Aug 08-07

Past-E-Mail: Cam Notes - 2007: August: Aug 08-07
Sleeper Lake Firefight    ...scroll down to share comments
Photos by E. Neil Harri
Twin Blackhawks    ...scroll down to share comments
Photos by E. Neil Harri
Grab a bucket    ...scroll down to share comments
Photos by E. Neil Harri
Zooming the action    ...scroll down to share comments
Photos by E. Neil Harri

Charlie at Pasty Central (Chopper) on Wednesday, August 8, 2007 - 04:26 am:

For days, men and machinery have been battling the Sleeper Lake fire in Luce County near Tahquamenon Falls. Today's Pasty Cam rides along with one of those men in his machine, as Neil Harri reports from the skies of the eastern U.P. Rarely do we get to look down on a Blackhawk, but Neil caught two of them in action, as the bucket brigade hustled to slow the flames.

As of last night the extent was estimated to be over 14,000 acres, as the wind and heat made the fight even that much tougher. The DNR said the fire probably was started by lightning strikes last Thursday, as dry conditions continue across the entire Upper Peninsula. The largest fire in recent memory was the Tower Lake fire in western Marquette County which blackened 5,625 acres in 1999.

Our thanks to Neil Harri for his ongoing role as the Pasty Cam's eye-in-the-sky. Incidentally, to upload his high resolution pictures, Neil uses Northpines/Pasty.NET wireless in Eagle Harbor, which is undergoing an upgrade this week. He called me last night as we had to do some tweaking to the bandwidth to help expedite the photos to the Guest Gallery. Pasty.NET members in Eagle Harbor should see some improved performance in the Wi-Fi network by the end of the week.

By Smfwixom (Trollperson) on Wednesday, August 8, 2007 - 04:36 am:

These pictures are something else....sure wish we could send some of our rain up there to help in the battle!

By Theresa R Brunk (Trb0013) on Wednesday, August 8, 2007 - 05:57 am:

Bless those men for the work that they do. I'm praying the fires are put out quickly. Anything this harrowing must be a challange to remain safe and still act as a group effort.

By Paul Oesterle (Paulwebbtroll) on Wednesday, August 8, 2007 - 06:01 am:

How many acres were involved in the Seney National Wildlife Refuge fire in 1978 I believe?

By E. Neil Harri (Ilmayksi) on Wednesday, August 8, 2007 - 06:57 am:

I should mention the airspace is closed for a six mile radius around the fire. I took these photos while working on the fire.

By Deb S. (Usedtobeayooper) on Wednesday, August 8, 2007 - 07:09 am:

Geez Neil. Great shots! That's so awful what is happening there. We were through that area just a day or two before it started. I feel so sorry for the people who are close to it.

By s. dearing (Geebeed) on Wednesday, August 8, 2007 - 07:41 am:

Amazing pictures! Thanks you for sharing.

By Margaret, Amarillo TX (Margaret) on Wednesday, August 8, 2007 - 08:32 am:

What an act of heroism to fight such a devastating force. Thanks guys.

By shawn (Twoyoopers) on Wednesday, August 8, 2007 - 08:38 am:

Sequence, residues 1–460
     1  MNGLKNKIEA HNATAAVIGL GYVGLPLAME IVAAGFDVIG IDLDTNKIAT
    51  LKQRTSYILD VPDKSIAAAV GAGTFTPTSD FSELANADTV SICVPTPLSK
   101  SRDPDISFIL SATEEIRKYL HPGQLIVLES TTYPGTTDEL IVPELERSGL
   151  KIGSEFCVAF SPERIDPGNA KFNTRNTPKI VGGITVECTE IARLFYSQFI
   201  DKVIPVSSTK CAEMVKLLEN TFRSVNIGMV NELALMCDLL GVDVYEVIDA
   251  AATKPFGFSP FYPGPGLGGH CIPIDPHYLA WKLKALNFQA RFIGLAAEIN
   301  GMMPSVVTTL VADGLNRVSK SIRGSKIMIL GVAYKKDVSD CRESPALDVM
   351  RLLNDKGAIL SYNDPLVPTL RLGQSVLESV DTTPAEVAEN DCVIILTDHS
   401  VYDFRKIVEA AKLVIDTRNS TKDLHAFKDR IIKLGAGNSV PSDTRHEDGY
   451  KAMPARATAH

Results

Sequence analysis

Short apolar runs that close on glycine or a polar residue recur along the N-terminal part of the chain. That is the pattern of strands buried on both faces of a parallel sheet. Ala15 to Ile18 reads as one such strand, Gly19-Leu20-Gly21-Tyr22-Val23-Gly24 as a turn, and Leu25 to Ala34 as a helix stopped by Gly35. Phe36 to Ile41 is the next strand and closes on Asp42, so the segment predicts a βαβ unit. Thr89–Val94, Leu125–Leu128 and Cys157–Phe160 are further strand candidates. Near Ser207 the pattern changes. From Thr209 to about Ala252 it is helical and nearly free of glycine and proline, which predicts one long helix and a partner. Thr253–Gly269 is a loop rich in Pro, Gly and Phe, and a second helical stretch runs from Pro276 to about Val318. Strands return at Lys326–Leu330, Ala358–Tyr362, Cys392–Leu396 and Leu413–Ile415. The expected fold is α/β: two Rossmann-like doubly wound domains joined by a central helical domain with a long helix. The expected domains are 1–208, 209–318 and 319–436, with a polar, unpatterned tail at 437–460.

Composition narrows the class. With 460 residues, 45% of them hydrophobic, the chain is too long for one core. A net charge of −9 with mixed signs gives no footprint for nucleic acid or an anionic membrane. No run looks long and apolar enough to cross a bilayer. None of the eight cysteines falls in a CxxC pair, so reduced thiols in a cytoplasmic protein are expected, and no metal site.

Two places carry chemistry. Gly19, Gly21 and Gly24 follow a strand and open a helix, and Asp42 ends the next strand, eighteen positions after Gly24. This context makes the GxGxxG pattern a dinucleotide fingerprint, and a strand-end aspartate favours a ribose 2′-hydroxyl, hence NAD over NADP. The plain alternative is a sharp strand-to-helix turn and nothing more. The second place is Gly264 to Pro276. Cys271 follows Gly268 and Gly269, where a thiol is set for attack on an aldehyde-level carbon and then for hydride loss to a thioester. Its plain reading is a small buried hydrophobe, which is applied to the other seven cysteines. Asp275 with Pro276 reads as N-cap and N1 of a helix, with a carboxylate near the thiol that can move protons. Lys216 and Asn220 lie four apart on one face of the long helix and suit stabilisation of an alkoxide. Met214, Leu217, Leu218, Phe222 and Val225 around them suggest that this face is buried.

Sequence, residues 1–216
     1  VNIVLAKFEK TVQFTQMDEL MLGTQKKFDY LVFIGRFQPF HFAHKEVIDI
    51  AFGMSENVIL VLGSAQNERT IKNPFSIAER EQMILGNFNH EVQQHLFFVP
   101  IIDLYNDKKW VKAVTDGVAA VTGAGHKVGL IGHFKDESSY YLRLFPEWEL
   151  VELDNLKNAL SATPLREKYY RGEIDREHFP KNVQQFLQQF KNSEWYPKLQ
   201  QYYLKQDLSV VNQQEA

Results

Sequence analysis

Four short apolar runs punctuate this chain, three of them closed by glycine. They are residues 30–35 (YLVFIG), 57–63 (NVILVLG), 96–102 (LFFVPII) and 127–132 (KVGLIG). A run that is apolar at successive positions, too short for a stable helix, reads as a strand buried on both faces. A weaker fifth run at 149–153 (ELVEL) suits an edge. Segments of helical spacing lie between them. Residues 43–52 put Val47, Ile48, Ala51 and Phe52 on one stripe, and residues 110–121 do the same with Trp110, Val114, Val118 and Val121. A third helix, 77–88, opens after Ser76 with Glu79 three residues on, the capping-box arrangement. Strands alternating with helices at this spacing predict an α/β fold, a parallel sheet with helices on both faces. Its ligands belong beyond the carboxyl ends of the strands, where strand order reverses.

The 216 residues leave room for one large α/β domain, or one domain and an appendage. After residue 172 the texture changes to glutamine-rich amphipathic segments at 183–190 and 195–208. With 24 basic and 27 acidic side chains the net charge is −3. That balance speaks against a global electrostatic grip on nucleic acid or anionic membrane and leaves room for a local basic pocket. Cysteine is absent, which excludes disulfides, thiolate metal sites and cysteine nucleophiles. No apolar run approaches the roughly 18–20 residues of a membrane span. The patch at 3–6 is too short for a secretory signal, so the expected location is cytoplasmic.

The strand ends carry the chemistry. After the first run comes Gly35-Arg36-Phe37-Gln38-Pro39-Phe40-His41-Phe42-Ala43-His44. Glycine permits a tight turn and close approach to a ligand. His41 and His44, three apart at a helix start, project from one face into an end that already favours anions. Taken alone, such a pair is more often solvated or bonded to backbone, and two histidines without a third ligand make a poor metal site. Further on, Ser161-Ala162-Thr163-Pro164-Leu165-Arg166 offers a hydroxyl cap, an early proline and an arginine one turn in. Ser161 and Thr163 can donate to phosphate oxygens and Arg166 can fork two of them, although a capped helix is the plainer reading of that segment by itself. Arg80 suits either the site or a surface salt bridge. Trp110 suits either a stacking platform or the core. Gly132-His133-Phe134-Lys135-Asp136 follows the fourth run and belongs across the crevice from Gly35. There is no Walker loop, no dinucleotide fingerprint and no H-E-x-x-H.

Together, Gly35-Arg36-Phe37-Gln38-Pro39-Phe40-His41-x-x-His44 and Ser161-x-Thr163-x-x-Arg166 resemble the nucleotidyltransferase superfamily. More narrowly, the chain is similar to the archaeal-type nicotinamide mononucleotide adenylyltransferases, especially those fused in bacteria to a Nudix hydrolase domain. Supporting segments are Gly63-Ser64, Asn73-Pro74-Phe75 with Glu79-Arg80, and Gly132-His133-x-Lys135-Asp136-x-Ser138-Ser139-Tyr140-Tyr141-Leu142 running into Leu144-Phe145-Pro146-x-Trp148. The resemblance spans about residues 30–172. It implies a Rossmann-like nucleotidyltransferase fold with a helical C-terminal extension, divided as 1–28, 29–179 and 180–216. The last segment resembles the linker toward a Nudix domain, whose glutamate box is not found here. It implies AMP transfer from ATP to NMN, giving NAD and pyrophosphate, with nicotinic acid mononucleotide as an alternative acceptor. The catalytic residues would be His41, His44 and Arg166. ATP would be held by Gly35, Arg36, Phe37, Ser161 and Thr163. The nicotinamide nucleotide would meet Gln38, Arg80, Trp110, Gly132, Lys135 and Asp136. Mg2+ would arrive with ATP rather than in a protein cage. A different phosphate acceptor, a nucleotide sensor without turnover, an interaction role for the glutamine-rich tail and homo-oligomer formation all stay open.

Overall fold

A blackhawk flew by our house on Monday- seemed just barely above tree level as it flew along Lake Superior. When the winds shift to the south, we are smelling smoke. This fire is a monster.

By shawn (Twoyoopers) on Wednesday, August 8, 2007 - 08:40 am:

btw which direction the top pic facing- north?

By Brooke (Lovethekeweenaw) on Wednesday, August 8, 2007 - 09:03 am:

Never seen that view before, hope they are successful.

By Janie T. (Bobbysgirl) on Wednesday, August 8, 2007 - 09:16 am:

Outstanding pics! Really shows the devestation of this fire.

By Paul Oesterle (Paulwebbtroll) on Wednesday, August 8, 2007 - 09:41 am:

Great pics Neil. The third picture says "zooming the action". I'm not sure what I am seeing. Is this the result of super imposing one picture on another?

By Helen (Heleninhubbel) on Wednesday, August 8, 2007 - 09:52 am:

WOW.....incredible pic's. Great job Mr Harri. What was your job in the fire...???? You sure have given us a first hand look at things. God Bless all you that have is humbling thinking of this kind of natural could happen anywhere and we should be thankful we don't have to live this..

By Janie T. (Bobbysgirl) on Wednesday, August 8, 2007 - 10:12 am:

There is an informative thread on this fire over at (general discussion, misc.)

By Marianne Y (Marianne) on Wednesday, August 8, 2007 - 11:03 am:

Those are awesome pictures from an angle that most people never get to see, Neil. Thank you!

Isn't this the fire that they did not even try to fight at first because it was essentially in the wilderness? Do I remember that they are still only fighting it from one direction?

By Charlotte, Mishawaka, IN (Charlotte61) on Wednesday, August 8, 2007 - 12:31 pm:

Good afternoon from Mishawaka, IN. It is another hot and humind day here in Mishawaka. I was over at school this morning and the football team was out practicing. I don't know how they do it.

Neil, thanks for sharing the pictures of the Sleeper Lake fire. I have spent a lot of time in that area. I pray for the safety of those fighting the fire.

By Robert H. Baker (Rhb) on Wednesday, August 8, 2007 - 12:53 pm:

This is sad for two reason's. First that 14,000 acres have been burned and that this is th first I'v heard of this down state. Ill pray for the safty of those fire fight's fighting that blaze up there.

By Ken Scheibach (Kscheibach) on Wednesday, August 8, 2007 - 12:59 pm:

Thank you for the timely photos, Neil. The Grand Rapids area TV and press have been covering the fire everyday. Today they are reporting that the fire has grown to more than 19,000 acres. There was about a third of an inch of rain there last night but unfortuneatly it doesn't look promising for rain over the next week. Lets hope they are wrong. Most of the rain that fell last night probably evaporated, from the heat of the fire, before it hit the ground. Great photos Neil.

By Ken Scheibach (Kscheibach) on Wednesday, August 8, 2007 - 01:38 pm:

Paul, like you I immediately recalled the Seney National Wildlife Refuge fire. I remember that it made the national news for a few days. I did a little research and discovered that the fire consumed nearly 75,000 acres in 1976. Let's pray that no records or lives are broken with the Sleeper Lake fire. See page 32 of this document.

By Mooselover (Mooselover) on Wednesday, August 8, 2007 - 02:12 pm:

God bless the firemen! This is real tragedy. It just makes my heart ache.

By Donna (Donna) on Wednesday, August 8, 2007 - 05:21 pm:


And thank you Neil...phenomenal photos!

By kay Moore (Mskatie) on Wednesday, August 8, 2007 - 06:47 pm:

I know forest fires are an important part of nature's workings. But I'm torn by doubts about how much this is partly our fault. Just watching tonight's evening news of how screwy the weather is all over the world, I wonder if our selfish consumption of natures gifts and reserves isn't bringing this down on our heads, the future of our generations coming up!? The Lord be with all the firefighters.